Group Teacher, Third and Fourth Grade
BA, Architectural Studies, dual minor in French and Studio Arts, University of Pittsburgh
MA, International Affairs, concentration in Cities and Social Justice, The New School
MA, Elementary Inclusive Education, Teachers College, Columbia University
When I was a senior in high school, my guidance counselor gave our graduating class one of those tests that connect interests into potential career paths. While in homeroom, one by one, my friends’ names were called to receive their results. They started to open their letters – Doctor; Lawyer; Architect; smiles grew over their faces, and relief set in. My name was next to be called, and I was eager to find out what my future would hold. My heart was racing as I opened the envelope and read, “Your interests are too varied..”; it’s not possible to determine a career path for you at the moment. I was embarrassed that, unlike the others, I didn’t have a specialty. I was also anxious that I wouldn’t know what my college life would be like in six months without a focus or a possible major.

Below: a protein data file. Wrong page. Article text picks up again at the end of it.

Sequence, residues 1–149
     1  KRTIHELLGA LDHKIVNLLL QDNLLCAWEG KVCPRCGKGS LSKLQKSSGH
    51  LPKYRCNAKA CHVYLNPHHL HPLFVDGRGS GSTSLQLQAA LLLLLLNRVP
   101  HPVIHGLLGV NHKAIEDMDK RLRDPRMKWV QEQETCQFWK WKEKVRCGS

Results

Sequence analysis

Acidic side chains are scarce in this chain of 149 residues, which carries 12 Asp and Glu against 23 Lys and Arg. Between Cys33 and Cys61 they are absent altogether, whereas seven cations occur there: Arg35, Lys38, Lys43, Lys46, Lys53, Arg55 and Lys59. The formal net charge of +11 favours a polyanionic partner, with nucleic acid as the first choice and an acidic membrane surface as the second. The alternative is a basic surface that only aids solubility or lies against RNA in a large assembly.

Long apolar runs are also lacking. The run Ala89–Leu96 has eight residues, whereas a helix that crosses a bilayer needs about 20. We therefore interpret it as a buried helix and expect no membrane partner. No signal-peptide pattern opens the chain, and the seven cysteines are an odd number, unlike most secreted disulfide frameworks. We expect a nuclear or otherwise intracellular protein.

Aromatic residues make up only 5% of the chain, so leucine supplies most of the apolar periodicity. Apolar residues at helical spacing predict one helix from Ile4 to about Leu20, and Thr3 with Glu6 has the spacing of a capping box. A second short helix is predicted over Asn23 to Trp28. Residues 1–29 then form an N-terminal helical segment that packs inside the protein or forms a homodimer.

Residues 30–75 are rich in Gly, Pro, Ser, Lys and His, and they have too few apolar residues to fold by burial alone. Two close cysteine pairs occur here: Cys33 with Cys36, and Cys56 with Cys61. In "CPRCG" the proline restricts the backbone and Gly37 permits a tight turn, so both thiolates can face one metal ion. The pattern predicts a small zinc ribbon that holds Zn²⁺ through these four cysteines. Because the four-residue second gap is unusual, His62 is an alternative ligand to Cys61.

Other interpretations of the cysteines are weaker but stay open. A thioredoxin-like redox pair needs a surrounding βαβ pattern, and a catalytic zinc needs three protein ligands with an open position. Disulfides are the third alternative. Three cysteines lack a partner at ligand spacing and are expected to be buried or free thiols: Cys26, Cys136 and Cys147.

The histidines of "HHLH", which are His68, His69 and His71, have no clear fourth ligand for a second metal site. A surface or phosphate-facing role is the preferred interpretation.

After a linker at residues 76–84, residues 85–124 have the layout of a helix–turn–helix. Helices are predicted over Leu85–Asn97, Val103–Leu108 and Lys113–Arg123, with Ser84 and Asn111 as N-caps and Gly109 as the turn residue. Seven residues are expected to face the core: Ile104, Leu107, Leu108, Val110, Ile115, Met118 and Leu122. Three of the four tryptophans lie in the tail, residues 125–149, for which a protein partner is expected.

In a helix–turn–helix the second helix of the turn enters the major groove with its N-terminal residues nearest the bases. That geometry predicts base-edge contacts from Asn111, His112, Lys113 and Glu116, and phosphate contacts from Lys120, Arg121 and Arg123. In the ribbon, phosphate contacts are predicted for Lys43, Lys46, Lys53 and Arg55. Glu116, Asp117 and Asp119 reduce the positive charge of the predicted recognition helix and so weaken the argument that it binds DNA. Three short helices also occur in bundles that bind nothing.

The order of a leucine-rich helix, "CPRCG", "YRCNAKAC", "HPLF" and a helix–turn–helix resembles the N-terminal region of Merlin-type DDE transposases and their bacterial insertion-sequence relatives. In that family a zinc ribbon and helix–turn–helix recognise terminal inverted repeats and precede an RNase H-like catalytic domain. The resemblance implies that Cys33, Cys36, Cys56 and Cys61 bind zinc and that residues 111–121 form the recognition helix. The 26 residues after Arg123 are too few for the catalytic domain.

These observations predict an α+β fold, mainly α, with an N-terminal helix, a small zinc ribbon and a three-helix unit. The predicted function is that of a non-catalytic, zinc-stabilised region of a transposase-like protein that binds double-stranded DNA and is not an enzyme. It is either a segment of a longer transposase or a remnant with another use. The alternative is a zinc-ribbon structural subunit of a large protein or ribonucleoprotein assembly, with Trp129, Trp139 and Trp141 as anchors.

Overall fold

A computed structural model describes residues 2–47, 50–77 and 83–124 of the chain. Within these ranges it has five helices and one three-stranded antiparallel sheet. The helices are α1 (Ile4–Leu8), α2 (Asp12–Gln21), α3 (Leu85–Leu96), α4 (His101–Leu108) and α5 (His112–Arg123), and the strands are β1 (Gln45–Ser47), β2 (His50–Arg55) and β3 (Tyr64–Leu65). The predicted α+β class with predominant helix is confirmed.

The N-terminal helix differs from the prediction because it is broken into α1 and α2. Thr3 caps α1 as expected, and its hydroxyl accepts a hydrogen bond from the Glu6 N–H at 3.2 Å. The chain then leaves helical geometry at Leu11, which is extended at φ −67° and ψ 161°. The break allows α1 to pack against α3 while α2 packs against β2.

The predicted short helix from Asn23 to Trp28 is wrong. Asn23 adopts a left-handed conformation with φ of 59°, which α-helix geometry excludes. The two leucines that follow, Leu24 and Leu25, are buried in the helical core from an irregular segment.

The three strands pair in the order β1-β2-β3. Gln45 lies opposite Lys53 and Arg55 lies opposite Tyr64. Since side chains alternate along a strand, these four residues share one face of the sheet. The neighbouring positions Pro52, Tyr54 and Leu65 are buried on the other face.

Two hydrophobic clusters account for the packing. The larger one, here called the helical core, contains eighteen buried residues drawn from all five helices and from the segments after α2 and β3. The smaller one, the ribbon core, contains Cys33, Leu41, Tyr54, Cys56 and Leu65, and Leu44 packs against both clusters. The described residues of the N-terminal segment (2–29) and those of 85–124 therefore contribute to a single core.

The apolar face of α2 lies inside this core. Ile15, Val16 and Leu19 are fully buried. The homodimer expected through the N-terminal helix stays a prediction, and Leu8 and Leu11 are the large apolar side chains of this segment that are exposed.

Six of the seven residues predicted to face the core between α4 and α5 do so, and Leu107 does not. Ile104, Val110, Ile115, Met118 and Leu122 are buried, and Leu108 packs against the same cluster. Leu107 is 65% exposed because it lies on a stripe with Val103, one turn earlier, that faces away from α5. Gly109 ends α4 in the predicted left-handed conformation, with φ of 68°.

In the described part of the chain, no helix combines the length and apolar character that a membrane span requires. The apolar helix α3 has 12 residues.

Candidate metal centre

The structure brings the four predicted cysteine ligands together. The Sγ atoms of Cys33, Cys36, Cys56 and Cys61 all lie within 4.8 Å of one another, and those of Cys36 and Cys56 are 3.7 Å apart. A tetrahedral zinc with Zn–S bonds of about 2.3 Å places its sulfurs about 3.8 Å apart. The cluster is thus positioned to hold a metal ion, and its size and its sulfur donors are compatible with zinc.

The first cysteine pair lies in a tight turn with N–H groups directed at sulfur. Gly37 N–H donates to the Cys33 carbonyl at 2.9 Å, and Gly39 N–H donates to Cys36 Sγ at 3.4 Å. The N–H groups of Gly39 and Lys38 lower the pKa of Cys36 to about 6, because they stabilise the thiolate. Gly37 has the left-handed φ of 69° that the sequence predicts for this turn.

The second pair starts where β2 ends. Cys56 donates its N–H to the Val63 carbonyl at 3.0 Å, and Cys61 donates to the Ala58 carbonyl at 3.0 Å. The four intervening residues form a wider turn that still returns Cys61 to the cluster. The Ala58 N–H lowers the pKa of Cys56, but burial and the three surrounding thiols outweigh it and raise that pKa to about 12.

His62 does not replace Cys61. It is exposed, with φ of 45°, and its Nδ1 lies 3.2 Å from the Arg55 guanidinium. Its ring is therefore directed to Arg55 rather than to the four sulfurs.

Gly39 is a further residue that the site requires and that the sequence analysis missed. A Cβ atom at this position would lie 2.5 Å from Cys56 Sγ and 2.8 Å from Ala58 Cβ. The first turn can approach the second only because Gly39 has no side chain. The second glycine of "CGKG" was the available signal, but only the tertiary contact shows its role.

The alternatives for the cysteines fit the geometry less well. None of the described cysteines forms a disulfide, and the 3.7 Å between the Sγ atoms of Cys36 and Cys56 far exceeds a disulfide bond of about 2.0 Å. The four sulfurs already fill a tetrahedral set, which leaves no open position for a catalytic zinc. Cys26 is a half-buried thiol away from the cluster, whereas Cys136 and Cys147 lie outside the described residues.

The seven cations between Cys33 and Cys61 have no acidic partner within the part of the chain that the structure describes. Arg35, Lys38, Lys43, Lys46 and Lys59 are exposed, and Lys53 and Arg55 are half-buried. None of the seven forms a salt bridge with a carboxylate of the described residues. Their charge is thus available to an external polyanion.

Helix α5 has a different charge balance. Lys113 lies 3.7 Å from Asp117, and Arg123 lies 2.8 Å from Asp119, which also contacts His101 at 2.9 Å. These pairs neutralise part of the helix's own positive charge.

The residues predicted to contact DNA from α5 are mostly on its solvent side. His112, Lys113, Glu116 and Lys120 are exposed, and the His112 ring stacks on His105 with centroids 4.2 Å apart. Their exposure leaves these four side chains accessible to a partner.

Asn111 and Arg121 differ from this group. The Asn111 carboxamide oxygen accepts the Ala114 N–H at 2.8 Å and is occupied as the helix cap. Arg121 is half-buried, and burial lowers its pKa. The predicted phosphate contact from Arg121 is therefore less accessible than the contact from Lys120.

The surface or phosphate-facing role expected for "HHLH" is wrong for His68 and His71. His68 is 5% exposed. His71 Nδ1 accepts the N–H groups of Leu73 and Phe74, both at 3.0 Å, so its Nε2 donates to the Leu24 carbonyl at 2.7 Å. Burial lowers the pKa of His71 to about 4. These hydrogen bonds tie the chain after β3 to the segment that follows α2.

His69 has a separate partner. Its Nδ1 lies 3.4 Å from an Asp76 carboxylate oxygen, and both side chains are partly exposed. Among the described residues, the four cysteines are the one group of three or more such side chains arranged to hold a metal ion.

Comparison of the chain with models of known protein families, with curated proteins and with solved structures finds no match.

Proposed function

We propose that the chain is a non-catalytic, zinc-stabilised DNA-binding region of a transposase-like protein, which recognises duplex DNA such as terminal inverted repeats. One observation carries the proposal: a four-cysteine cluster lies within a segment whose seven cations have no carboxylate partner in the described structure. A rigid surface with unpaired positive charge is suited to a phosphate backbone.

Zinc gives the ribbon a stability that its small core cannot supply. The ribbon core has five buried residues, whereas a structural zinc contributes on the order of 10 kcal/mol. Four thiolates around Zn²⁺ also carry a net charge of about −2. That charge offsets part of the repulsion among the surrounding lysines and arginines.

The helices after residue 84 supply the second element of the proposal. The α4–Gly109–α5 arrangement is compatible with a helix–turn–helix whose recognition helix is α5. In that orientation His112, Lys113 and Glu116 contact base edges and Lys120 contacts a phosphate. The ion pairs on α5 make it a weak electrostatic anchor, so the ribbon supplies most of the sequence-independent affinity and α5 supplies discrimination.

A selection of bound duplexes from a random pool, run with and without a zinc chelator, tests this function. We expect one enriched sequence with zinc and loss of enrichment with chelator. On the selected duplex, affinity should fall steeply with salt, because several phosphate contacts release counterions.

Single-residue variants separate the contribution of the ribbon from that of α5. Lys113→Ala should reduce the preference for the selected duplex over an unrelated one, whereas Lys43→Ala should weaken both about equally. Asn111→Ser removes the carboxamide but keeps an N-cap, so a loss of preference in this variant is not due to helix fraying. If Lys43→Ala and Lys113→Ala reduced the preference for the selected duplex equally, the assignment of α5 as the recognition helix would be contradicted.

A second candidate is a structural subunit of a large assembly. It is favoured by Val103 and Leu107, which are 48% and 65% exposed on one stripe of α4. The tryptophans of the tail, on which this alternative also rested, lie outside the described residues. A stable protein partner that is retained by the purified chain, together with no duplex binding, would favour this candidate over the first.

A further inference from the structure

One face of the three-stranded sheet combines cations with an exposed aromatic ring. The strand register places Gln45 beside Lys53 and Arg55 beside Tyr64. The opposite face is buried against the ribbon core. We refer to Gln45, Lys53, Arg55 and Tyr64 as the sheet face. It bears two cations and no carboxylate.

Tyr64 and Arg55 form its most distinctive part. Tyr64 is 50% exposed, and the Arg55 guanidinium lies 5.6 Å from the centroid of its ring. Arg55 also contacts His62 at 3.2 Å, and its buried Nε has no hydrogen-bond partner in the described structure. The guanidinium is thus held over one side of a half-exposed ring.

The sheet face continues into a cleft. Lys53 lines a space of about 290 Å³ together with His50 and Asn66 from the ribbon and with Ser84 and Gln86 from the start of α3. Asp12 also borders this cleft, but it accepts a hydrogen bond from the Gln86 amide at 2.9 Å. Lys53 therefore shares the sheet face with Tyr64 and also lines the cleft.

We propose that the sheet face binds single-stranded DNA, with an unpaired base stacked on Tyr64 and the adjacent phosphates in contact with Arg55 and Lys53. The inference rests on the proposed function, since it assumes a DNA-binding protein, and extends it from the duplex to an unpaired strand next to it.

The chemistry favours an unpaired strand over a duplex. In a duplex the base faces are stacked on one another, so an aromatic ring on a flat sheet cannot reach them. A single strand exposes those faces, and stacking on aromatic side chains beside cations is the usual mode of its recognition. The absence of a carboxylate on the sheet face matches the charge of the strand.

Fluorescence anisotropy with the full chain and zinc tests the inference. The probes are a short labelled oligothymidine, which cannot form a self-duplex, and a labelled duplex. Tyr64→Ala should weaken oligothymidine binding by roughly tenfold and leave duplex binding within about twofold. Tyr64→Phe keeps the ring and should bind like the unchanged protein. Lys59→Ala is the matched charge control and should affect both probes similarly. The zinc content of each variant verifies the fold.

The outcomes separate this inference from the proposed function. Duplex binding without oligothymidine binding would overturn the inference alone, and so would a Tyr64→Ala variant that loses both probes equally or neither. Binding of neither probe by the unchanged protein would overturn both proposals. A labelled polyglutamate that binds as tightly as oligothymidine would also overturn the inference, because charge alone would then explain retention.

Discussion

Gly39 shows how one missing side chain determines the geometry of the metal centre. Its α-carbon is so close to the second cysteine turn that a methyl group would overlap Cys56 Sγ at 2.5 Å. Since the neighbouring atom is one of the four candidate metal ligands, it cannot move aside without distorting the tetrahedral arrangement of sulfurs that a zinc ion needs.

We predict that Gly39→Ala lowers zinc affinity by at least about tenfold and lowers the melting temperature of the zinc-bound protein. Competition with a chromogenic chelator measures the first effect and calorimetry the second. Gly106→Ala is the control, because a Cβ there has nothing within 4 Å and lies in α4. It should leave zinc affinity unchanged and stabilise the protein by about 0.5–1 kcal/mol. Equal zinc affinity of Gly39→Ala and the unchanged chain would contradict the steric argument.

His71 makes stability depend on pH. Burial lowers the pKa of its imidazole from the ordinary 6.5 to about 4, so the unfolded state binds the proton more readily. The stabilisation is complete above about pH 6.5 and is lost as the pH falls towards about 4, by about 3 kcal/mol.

Well, fourteen years later, my varied academic and professional experiences have proven the test to be true. As someone who loves art, I studied architecture in college and took painting classes in France. I’m passionate about languages; I taught middle schoolers in France and worked with a group of deaf kids as an ASL interpreter. As my interests in human rights heightened, I worked on community development in Buenos Aires, earned a master’s degree in International Affairs, became a community organizer in Harlem, received master’s degree in Elementary Inclusive Education, and taught in an urban charter school.
What that test didn’t know is that my varied interests would bring me to a place like Miquon where students are encouraged to develop and pursue many interests. That test didn’t know that my many interests would equip me with experiences and skill sets needed to allow kids to grow as both individuals and members of a community. I feel very lucky to have found a home at Miquon where, in fact, just last week a group of students taught me my first beginning ballet class during Choice Time! Learning from one another’s passions is what makes Miquon unique, and it’s what makes learning meaningful and engaging. It’s been fourteen years since taking that test in high school, but I’ve finally figured where the results were leading me.